By Martin Kelly
Media claims that an academic who carried out a study into the startup costs of independence, has concluded it may cost up to £1.5bn have been called into question after the academic himself said he did not accept the figure.
Professor Patrick Dunleavy has said the £1.5bn figure, touted by newspapers and the BBC is, “not a figure I accept”.
In a statement to Newsnet Scotland, the academic who has been at the centre of a row after the UK Treasury misrepresented an earlier study, said independence would cost no more than £600m.
He said: “To restate: Set up costs for Indy Scotland [is circa] £200m.”
Explaining that IT costs could add a possible £400m over a ten year transition period, Professor Dunleavy added: “So my max £600m (including £200m above) in a decade contrasts with Treasury £1.5 bn,”
Calling the £1.5bn figure used by the Treasury the “maximum possible”, the academic dismissed the amount, saying it is “not a number I accept”.
The comments from Professor Dunleavy call into question the accuracy of several media reports, including BBC Scotland, which have claimed the academic agrees with the £1.5bn startup cost figure produced by the UK Government.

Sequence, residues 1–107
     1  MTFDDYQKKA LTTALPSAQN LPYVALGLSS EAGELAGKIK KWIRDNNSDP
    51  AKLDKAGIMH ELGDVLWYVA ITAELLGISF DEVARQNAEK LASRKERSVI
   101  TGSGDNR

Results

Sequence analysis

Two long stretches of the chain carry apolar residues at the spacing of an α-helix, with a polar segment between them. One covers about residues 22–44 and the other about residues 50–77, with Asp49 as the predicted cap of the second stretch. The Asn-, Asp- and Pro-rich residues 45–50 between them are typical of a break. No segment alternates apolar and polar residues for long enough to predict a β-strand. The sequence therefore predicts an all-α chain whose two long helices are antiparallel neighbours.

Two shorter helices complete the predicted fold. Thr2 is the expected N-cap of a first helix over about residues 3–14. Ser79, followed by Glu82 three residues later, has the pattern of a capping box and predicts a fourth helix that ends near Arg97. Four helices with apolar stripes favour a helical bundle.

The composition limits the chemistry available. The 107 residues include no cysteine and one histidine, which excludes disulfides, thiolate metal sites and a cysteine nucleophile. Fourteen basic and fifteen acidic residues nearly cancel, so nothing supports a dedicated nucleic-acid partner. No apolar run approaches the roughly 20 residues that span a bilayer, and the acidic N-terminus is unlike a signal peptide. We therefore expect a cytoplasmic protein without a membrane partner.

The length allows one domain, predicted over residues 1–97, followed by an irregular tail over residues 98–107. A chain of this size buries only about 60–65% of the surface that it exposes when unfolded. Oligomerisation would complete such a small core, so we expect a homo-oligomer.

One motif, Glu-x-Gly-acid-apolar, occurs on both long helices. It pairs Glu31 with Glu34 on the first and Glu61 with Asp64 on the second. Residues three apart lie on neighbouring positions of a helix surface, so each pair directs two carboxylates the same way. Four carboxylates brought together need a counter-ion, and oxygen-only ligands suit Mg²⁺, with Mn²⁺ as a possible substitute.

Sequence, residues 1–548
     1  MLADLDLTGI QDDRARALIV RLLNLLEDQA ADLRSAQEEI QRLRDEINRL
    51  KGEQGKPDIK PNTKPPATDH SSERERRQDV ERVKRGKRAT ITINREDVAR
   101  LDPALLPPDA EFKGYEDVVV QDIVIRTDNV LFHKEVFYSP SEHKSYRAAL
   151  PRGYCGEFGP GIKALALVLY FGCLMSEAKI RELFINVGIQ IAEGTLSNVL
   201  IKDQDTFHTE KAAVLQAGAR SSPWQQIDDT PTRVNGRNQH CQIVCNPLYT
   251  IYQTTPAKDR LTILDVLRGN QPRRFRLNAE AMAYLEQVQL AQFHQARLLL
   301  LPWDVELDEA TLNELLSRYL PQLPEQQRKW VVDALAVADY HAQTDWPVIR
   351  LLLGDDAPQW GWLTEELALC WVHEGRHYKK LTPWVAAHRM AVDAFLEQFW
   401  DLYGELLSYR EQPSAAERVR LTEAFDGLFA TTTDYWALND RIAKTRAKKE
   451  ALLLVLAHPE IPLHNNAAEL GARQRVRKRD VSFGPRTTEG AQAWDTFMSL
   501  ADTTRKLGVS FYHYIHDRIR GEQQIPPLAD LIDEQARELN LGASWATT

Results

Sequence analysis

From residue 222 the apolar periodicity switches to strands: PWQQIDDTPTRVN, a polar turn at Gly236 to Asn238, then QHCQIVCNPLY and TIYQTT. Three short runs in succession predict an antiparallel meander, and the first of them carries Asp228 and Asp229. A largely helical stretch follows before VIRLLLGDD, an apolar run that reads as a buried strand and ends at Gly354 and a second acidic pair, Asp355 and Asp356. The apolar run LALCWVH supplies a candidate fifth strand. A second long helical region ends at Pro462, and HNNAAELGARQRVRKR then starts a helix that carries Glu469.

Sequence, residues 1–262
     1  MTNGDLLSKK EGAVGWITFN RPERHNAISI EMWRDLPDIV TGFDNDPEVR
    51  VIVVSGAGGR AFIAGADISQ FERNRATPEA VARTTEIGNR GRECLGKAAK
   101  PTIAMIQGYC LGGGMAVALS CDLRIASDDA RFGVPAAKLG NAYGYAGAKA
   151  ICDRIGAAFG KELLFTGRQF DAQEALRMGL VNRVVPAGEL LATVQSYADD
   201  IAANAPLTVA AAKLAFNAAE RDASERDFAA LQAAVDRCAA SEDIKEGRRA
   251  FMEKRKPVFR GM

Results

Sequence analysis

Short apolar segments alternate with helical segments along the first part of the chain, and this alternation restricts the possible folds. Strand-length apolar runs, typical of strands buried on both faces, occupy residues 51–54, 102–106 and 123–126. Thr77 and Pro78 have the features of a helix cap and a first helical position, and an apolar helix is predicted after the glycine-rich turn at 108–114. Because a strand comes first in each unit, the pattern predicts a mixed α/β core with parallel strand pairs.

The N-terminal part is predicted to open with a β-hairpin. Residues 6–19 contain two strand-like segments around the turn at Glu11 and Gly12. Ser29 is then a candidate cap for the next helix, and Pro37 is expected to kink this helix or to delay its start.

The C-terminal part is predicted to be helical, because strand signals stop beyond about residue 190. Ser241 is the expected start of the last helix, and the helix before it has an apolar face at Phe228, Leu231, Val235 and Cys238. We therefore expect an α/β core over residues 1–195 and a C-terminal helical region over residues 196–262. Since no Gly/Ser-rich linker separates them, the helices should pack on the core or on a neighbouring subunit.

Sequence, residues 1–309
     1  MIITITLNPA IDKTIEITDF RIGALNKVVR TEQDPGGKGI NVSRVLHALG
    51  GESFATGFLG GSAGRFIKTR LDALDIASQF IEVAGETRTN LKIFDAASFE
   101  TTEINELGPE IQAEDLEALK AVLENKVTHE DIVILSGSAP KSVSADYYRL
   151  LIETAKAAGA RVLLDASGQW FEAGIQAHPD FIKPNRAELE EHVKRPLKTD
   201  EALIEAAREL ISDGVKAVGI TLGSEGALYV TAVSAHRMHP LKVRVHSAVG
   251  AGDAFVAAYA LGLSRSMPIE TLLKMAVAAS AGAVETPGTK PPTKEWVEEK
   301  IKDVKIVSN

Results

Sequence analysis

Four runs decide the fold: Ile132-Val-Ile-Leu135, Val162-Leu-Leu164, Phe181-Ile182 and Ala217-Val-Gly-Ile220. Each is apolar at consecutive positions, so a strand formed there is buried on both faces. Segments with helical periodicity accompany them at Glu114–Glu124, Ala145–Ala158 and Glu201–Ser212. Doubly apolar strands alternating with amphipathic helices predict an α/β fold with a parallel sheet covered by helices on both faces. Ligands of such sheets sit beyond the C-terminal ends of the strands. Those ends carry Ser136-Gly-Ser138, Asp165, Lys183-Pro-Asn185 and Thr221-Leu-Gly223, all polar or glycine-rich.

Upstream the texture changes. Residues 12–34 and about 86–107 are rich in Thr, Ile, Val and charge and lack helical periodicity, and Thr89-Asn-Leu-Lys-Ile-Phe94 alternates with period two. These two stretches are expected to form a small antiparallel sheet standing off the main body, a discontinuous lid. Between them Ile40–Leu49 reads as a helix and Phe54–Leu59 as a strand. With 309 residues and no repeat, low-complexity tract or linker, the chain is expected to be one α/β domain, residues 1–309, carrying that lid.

According to BBC Scotland News, independence startup costs would be up to £1.5bn. [see main image]
Other newspaper outlets have also grossly exaggerated the Professor’s work, including the Daily Record. The newspaper, which has a vehemently pro-Union editorial line, was not content with the bogus £1.5bn figure and claimed Professor Dunleavy had put the cost of independence at over £2bn.
The article was described as an “intense burst of falsehood” by the editor of Wings Over Scotland, Stuart Campbell who comprehensively rubbished the newspaper’s claim in an online article.
Other news outlets to fabricate claims relating to the academic’s work include the Scottish Daily Express which stated that “TAXPAYERS could be forced to stump up more than £450,000 a day for 10 years if Scotland votes for independence, it has been claimed.”
The falsifying of the academic’s work had already been criticised by the academic himself, when he blasted the UK Government after it multiplied by a factor of twelve, figures contained in a previous study.
This attempt by a media growing increasingly worried at the prospect of a Yes vote in September’s referendum will do little to re-instill trust in the profession.
This Sunday over one thousand people are expected to gather at the Glasgow HQ of the BBC, in protest at the pro-Union stance adopted by BBC Scotland.